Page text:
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Ukraine bans buying cryptocurrencies with the local currency Hryvnia

Ukraine bans buying cryptocurrencies with the local currency Hryvnia
Jordan Major

The National Bank of Ukraine has highlighted restrictions on cross-border transactions to avoid the unproductive outflow of funds from the country under martial law.

On April 21, the National Bank announced the measure, which means persons will only be allowed to purchase assets that are immediately converted (exchanged) for cash and that are associated with quasi-cash transactions, using just their own foreign currency, up to a maximum of UAH 100,000 each month (around $3,300).

The relevant limit is also applicable to cross-border peer-to-peer transactions with non-cash transactions carried out utilizing payment cards provided to accounts opened in a foreign currency.

According to the central bank, quasi cash transactions include, among other things, the replenishment of electronic wallets, the opening of brokerage or FX accounts, the payment of traveler’s checks, the purchase of cryptocurrencies, and so on.

Notably, back in February, following the outbreak of the war, Finbold reported Ukrainian Hryvnia volume on the crypto market had hit record highs.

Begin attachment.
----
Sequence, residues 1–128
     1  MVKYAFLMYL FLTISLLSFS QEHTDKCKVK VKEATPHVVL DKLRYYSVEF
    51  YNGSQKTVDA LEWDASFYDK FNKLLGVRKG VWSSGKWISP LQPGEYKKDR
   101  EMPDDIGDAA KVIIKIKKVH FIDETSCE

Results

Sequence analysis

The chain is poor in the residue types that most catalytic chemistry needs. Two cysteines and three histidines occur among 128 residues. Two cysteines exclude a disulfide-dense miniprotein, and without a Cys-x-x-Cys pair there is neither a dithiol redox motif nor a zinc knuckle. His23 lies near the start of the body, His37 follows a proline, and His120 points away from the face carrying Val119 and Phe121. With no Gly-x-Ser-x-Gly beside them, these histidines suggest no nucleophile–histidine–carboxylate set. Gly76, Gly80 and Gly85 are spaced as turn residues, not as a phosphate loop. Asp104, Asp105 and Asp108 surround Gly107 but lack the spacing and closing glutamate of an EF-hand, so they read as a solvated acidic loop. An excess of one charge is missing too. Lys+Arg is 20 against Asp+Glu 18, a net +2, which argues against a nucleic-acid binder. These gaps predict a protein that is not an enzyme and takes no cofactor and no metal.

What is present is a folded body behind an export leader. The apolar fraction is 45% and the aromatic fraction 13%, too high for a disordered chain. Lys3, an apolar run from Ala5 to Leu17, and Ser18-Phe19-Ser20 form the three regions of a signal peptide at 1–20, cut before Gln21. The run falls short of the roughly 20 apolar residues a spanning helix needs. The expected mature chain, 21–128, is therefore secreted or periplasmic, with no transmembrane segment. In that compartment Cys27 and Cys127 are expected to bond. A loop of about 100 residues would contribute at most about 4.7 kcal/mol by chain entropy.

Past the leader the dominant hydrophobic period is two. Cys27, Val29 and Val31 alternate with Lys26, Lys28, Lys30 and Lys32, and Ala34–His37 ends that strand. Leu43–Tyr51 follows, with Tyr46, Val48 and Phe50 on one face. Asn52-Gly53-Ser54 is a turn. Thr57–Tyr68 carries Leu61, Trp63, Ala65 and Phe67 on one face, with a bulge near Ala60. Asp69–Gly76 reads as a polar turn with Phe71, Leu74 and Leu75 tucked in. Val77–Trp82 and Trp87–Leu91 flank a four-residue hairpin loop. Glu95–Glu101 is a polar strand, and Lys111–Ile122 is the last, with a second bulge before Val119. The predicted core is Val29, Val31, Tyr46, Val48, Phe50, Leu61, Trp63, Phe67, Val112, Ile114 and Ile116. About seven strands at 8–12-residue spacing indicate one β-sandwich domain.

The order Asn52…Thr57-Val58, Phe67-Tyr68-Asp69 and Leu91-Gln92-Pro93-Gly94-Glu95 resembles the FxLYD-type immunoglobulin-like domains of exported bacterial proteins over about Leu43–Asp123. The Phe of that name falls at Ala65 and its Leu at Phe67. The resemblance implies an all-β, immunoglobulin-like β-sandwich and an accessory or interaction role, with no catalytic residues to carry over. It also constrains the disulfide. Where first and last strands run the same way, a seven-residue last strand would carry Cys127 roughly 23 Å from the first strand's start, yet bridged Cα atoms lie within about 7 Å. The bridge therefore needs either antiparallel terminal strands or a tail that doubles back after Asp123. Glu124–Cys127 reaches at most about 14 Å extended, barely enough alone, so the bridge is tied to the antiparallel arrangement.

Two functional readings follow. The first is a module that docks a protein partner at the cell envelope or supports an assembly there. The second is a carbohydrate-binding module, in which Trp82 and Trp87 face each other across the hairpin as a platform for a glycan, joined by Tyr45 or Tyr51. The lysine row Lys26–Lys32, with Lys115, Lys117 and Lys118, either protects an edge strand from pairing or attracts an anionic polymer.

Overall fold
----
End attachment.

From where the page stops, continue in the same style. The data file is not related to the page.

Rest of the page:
Why the restriction with the Hryvnia?

According to the Bank, the necessary modifications will contribute to improving the situation in the foreign currency market, which is a fundamental condition for removing restrictions in the future as well as lowering pressure on Ukraine’s international reserves.

Export-import trades on the foreign currency market have been mostly balanced since the end of March. However, a considerable volume of foreign currency purchases by banks in order to settle transactions with international payment systems, on the other hand, puts extra downward pressure on the foreign exchange market. 

For two reasons, the National Bank finds itself in an uncomfortable situation. On the one hand, the necessity for settlements with foreign payment systems originates from Ukrainian nationals using cards issued by Ukrainian banks to buy goods and services abroad. Crucial for millions of individuals compelled to relocate abroad temporarily. 

However, payment cards are also used to pay for quasi-cash transactions, largely to avoid existing National Bank restrictions, such as investing overseas, which is illegal under martial law. In this sense, the related transactions represent wasteful capital outflows.

As a consequence, the National Bank restricted such activities.

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